Ok, I Lied…(Review of Kampuchea Noodle Bar)
As the title says, I can’t stop writing and taking photos! Oh why? Why have I succumb to the addiction of BLOGGING? This is bad even though I should stick my nose to my books…and I think I’m getting sick since I got this weird itchy feeling on the back of my throat (uh oh). I just hope I don’t get sick since LSATs are in less than one week! Ok, enough of my dramatic, rambling antics and I’ll just talk about Kampuchea since their food is so very good and I’m skipping everything else I’ve posted pics of on my Flickr photostream for the past week. Are you confused? Yeah, so am I but let’s get to the food!
Since today (Saturday), I don’t have classes and I needed a break from studying, I commuted from my house to the Lower East Side in the rain, to Kampuchea Noodle Bar. Why? Because I heard so many good things about it, from Robyn (on this particular post) to a food-lovin’ friend of mine.
Interestingly enough, their glassware of choice is a handled Mason jar.
As I perused the menu, the items on the menu that grabbed me were sweetbreads and crispy pork belly. My two meat obsessions, if you will, at the moment. So, those were my “appetizers” since they are supposed to be shared hot plates and an order of Num Pang (sandwich) tastings. No, I didn’t eat with anyone since the two aforementioned people are out of the country at the moment (Robyn’s in Italy; Ariel’s somewhere in Russia/Eastern Europe) and it’s more like a spontaneous craving that I want to eat here that I can’t find anyone to eat with me. Oh well…more food for me.
The first of the appetizer that came out was the crispy pork belly. The first thing I noticed was the peppery scent of the coarse ground black pepper that is sprinkled this dish. It tasted very delicious. It’s crisp on the outside and chewy and tender on the inside. The wonderful sweet and sour flavors mingle well together from the apple cider vinegar and honey, and the breath of freshness from the lemon grass. This was a great starter.
Then came my seared sweetbreads. Instead of having shiitake mushrooms, indicated on the menu, it’s replaced with enoki, which in my opinion, changes the flavor of the entire dish. Shiitake has a more meaty, earthy, intense flavor while enoki takes on a lighter, subtler taste. But anyways, these sweetbreads were but very good. It’s salty on it’s own, but balanced it’s off with the broth and vegetables; seared to perfection with a bit of char on the outside and still a bit moist on the inside. It’s topped off with a mound of julienned lemon grass, carrots, pieces of fried garlic and topped off with a basil leaf, to impart a fresh, mint-like flavor. The broth was mushroom based (not too sure what kind) and it’s spicy from the ginger and Thai chile. It’s good but it didn’t make me feel like I had an epiphany.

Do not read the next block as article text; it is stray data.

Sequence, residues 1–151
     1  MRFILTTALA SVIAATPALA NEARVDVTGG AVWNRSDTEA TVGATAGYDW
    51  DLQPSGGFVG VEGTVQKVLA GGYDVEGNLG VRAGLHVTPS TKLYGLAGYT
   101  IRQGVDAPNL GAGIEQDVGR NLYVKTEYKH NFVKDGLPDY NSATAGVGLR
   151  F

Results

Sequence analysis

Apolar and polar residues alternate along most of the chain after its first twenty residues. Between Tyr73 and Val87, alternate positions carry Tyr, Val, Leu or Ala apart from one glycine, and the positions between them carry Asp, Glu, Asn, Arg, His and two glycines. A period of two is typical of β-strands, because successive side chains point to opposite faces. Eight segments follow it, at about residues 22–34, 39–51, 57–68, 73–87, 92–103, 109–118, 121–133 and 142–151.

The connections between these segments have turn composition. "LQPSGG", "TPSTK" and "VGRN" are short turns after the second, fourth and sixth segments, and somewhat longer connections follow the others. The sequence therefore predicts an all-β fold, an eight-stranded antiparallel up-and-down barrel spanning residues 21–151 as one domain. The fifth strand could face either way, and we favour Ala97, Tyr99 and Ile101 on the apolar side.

Then last but not least, my plate of Num Pang Tasting, in other words, a plate of three different sandwiches. The three I ordered were their namesake, the Kampuchea, the grilled skirt steak, and the sweet pulled oxtail. All these sandwiches are very similar to a banh mi (since Cambodia and Vietnam are neighbors). The Kampuchea tasted like the banh mi but better quality and much more expensive than what you get in Chinatown. It has head cheese, pork pâté, carrots, cucumbers, and the usual condiments of a banh mi. The only difference is that I actually tasted something cheesy. Hmm…but it’s tasty though.
The grilled skirt steak was arguably the least striking of the three since it’s just pieces of spicy steak with the banh mi condiments sans the head cheese and pâté.
My favorite of the three was the pulled sweet oxtail. It’s sweet-sour with a touch from the tamarind cooked with the oxtail. Oh, I love that sauce that oxtail was cooked in…
To summarize the sandwiches, it’s a bit pricey but it’s worth it. After eating almost all of those sandwiches (I have so much space in my stomach, ya know?), I felt stuffed. I paid the check and get my butt back home to study. Yep, my life is mostly boring…and I need a darn vacation like Robyn or Ariel are having at the moment.
Kampuchea Noodle Bar
78 Rivington Street
New York, NY 10002